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In a news article from Australia, a Kmart spokesperson said, "Kmart Australia regrets the decision to range the bride costume."

I checked various dictionaries including OED, but I could not find an appropriate explanation that makes sense in this sentence.

Is this a meaning unique in Australian English, or is this a typo?

Thanks!

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  • This is actually a very interesting question. My first impression was that you hadn't done enough research, but, I too, cannot find anything to support it.
    – David M
    Oct 24, 2019 at 4:10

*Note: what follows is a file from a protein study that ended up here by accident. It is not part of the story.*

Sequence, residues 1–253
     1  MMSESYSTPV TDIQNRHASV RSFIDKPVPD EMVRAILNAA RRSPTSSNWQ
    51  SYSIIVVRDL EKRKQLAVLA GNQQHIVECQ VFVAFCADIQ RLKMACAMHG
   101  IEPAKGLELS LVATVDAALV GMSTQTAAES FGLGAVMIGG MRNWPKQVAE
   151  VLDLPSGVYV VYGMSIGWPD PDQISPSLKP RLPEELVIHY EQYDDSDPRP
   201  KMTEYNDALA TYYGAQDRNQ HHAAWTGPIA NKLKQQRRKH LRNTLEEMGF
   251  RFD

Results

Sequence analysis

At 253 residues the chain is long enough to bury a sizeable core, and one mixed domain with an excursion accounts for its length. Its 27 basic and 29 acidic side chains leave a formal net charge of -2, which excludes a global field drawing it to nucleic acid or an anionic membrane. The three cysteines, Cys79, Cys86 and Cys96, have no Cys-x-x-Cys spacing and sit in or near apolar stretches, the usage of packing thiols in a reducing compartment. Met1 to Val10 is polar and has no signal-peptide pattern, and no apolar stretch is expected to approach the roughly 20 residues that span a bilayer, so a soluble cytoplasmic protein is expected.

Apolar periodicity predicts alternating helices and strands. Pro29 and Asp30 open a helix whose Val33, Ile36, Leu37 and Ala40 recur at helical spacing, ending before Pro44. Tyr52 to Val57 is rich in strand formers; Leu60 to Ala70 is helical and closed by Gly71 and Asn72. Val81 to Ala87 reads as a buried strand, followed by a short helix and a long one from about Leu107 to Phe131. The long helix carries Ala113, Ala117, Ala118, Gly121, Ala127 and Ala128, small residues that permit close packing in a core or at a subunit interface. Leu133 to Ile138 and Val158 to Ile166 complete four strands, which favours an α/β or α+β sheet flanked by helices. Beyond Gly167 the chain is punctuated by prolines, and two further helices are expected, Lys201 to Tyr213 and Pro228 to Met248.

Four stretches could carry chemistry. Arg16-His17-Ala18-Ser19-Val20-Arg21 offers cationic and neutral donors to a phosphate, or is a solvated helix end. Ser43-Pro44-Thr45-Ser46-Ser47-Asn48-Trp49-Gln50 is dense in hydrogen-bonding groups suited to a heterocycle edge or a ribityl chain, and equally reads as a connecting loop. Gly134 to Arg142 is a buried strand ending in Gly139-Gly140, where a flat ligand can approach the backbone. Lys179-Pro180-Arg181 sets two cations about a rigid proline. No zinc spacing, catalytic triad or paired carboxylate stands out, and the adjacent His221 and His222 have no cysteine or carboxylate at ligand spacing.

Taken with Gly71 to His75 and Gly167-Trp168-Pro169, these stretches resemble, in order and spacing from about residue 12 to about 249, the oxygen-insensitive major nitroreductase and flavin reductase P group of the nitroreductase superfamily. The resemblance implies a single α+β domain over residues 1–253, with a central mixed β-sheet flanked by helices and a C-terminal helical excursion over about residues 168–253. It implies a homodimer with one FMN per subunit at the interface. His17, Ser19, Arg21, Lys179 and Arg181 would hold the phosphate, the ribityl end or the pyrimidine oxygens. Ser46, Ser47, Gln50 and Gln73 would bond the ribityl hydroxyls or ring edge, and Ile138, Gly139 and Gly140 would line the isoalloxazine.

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    It's not normal Australian English, but maybe it's retail jargon.
    – nnnnnn
    Oct 24, 2019 at 7:58

1 Answer 1

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The article refers to Kmart removing the costume after a petition was signed to have it removed. Kmart is saying they're sorry to have included it in their range of products they carry.

I, too, cannot find a reference to this particular use of the verb range. Even behind the paywall Macquarie's Dictionary of Australian English doesn't have it. However, I read the article and it's clear from context.

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    That's definitely a good answer. I found a similar but not identical definition from a New Zealand wholesaler which says "Product Ranging is the process we use to determine which products should appear on our supermarket shelves." This is maybe slightly different from the K-Mart usage but in the same area. foodstuffs-si.co.nz/media/98126/ranging_overviewdec17.pdf
    – Stuart F
    Oct 24, 2019 at 10:49

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